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What have I done? – Great Barrier Island fire risk

  • January 22nd, 2013

At 5:15pm  I got back to my office to find colleagues looking at me askance. They showed me the Stuff story, posted at 4:58 pm, of a concerning fire on Great Barrier Island.

At around 4:10 pm this afternoon I'd explained on Jim Mora's Panel my concern about the fire risk on Great Barrier Island. No I did not have prior knowledge of the Stuff story. And I hope this is not the fire I publicly worried about, because there will be no pleasure in "I told you so".

GBI is so much more beautiful than I'd expected.  We've just had a wonderful long weekend there attending Emma Daniell's wedding to Sam Judd.  I was yet again awed by lucky we are to be New Zealanders – with so many places to go where you can be the only people in your own tourist brochure. We made footprints in pristine sand and shared translucent water with virtually no one near.

I was puzzled though by the relative absence of birdsong and a dawn chorus, given that it has no possums, no stoats or Norway rats. I thought they were the chief bird predators? Are there too few bird feeding plants? Do they need more introduced vegetation to support the kind of populations that are now common even in the heart of big cities? Is that the effect of cats without rats to eat?

 But also I was struck by how much will be lost on GBI when a big fire coincides with a drought year. Far too little open country for fire breaks – too many kanuka-girt houses stuck up long drives that could trap residents in furnace tunnels in the wrong winds..

Assuming the current fire is not the big one, go walk the GBI tracks now before the whole island becomes one great gloomy kauri forest again (pending fire). At the moment one can see out from track viewpoints. But there are too few gaps now along some tracks, and the kauri regeneration is much faster than I expected.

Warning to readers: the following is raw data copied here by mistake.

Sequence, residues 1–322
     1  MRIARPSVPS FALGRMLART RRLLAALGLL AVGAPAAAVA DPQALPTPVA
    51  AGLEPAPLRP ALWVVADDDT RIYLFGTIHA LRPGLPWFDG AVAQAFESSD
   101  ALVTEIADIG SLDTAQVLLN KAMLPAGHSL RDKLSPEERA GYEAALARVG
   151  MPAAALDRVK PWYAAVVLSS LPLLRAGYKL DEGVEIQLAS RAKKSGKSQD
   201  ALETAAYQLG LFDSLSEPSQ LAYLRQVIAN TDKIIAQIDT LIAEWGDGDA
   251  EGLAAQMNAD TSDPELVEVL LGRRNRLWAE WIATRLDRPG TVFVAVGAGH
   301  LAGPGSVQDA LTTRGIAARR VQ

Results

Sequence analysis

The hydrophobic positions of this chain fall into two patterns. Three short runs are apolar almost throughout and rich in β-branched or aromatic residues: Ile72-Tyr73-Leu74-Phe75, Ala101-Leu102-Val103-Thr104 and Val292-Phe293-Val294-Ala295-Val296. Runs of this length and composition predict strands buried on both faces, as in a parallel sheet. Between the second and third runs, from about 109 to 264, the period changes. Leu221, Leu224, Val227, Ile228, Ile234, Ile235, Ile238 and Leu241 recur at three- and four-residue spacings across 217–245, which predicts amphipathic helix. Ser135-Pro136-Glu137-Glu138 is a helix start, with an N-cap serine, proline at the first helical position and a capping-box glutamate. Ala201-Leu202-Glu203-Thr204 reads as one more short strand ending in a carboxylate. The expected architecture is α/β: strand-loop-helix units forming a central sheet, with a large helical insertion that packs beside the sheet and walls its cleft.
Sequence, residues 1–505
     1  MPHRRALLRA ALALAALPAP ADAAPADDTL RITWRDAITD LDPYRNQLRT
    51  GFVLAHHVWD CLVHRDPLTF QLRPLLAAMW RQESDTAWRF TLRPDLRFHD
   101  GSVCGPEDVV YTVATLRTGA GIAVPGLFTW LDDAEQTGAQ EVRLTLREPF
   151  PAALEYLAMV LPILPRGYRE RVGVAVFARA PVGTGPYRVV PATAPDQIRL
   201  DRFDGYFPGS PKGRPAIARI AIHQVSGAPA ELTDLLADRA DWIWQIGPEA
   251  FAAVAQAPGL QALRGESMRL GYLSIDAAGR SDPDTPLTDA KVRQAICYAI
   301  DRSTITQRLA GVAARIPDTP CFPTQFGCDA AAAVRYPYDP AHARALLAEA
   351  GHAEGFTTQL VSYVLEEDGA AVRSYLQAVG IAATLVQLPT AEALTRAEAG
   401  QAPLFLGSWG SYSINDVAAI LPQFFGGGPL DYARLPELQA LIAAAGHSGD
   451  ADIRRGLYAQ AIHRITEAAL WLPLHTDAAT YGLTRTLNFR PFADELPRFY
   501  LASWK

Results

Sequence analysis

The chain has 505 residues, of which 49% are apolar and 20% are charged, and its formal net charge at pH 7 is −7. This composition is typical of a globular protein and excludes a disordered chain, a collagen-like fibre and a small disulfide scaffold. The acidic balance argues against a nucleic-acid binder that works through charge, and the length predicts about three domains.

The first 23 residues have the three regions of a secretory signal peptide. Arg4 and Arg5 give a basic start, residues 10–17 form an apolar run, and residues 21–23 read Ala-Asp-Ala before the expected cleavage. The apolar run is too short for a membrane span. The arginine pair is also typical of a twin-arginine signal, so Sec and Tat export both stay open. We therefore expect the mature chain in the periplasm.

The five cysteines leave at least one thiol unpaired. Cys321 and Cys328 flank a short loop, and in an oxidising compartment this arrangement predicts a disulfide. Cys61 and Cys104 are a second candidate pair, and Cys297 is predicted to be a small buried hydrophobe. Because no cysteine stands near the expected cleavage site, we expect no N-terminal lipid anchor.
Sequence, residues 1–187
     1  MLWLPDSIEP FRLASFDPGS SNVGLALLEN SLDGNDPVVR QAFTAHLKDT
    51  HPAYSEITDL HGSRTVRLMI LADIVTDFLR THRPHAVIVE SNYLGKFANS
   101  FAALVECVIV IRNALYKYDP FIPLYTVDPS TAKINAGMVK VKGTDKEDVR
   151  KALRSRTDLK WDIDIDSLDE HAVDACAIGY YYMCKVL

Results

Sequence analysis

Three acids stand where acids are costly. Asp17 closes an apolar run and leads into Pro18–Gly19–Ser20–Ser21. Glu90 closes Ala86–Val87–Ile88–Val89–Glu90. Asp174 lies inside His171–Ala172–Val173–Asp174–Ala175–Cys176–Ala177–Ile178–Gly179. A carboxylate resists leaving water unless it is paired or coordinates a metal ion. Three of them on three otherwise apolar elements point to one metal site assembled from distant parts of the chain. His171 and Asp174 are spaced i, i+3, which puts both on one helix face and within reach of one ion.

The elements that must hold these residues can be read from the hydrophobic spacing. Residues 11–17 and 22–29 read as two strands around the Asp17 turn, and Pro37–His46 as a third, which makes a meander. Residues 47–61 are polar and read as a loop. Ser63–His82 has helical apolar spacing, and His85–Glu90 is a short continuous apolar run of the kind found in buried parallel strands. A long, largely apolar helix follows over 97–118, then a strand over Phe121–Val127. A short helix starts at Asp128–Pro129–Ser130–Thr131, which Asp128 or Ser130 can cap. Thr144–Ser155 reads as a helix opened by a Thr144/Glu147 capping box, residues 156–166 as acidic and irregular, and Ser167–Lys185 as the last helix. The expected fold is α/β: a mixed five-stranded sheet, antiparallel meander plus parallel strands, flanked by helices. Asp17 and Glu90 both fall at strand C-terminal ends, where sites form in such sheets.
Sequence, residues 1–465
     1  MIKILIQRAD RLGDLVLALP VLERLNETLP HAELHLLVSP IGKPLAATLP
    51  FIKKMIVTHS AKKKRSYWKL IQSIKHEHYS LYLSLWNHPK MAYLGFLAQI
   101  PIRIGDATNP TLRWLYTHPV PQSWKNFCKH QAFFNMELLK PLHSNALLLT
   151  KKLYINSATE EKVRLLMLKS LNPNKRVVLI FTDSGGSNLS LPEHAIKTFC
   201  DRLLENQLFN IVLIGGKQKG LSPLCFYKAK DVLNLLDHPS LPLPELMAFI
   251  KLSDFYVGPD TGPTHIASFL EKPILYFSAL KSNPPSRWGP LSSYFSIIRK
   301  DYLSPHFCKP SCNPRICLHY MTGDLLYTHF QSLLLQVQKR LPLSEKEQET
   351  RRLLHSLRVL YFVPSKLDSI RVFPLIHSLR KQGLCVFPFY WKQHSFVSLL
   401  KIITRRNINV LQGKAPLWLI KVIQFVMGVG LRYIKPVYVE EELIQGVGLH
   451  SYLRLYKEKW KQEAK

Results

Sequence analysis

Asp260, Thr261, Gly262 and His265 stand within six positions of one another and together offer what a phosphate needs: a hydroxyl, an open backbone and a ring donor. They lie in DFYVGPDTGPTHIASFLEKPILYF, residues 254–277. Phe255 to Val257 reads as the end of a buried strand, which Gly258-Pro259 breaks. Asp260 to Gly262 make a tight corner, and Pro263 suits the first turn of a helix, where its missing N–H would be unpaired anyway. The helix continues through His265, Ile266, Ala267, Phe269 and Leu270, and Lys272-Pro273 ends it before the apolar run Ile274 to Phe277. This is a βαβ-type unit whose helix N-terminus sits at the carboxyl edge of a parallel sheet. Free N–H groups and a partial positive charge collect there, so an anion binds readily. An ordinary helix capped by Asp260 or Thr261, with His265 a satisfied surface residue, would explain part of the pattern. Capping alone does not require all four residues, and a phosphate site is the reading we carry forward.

A little less knee-jerk greenery, and a bit more human foot-print could be a safer balance. For those who worry about the "sustainability" of mining, go see if you can find degradation (or any trace at all) from the copper mining that went on for years. The Ore Stamper is there, but vegetation is triumphant everywhere else.




Just listening to The Panel now, thinking “Woah, prescient.” Well said, soothsayer.

As for the cats and the birds, just consider it evolution’s way of kicking the surviving proto-dinosaurs into the next genetic footprint. There’s no shortage of smart birds here among the suburban jungles.

  • peterquixote
  • January 22nd, 2013
  • 7:48 pm

yes friend of New Zealand you will always write

  • Roger Strong
  • January 23rd, 2013
  • 9:53 am

Re cats: I am amazed at how little people apparently know about our native wildlife and the effect that introduced animals have had on it. Reading the book on Richard Henry one is struck by how little has been learned.
You are right of course about houses surrounded by regenerating bush-mostly manuka/kanuka which is highly flamable unlike the bush itself which will certainly burn but in ‘normal’ weather is generally much less likely to do so.
Thanks also for you comment on immigration/treaty issues on the panel-we seldom hear anything like that-especially on Red Radio! Amanda Miller was(almost)stunned into silence by some of what you said-well for a nanosecond anyway.

  • peterquixote
  • January 24th, 2013
  • 9:50 pm

Gareth Morgan is a Green idiot, he is mad
oh god we must be rid of them all

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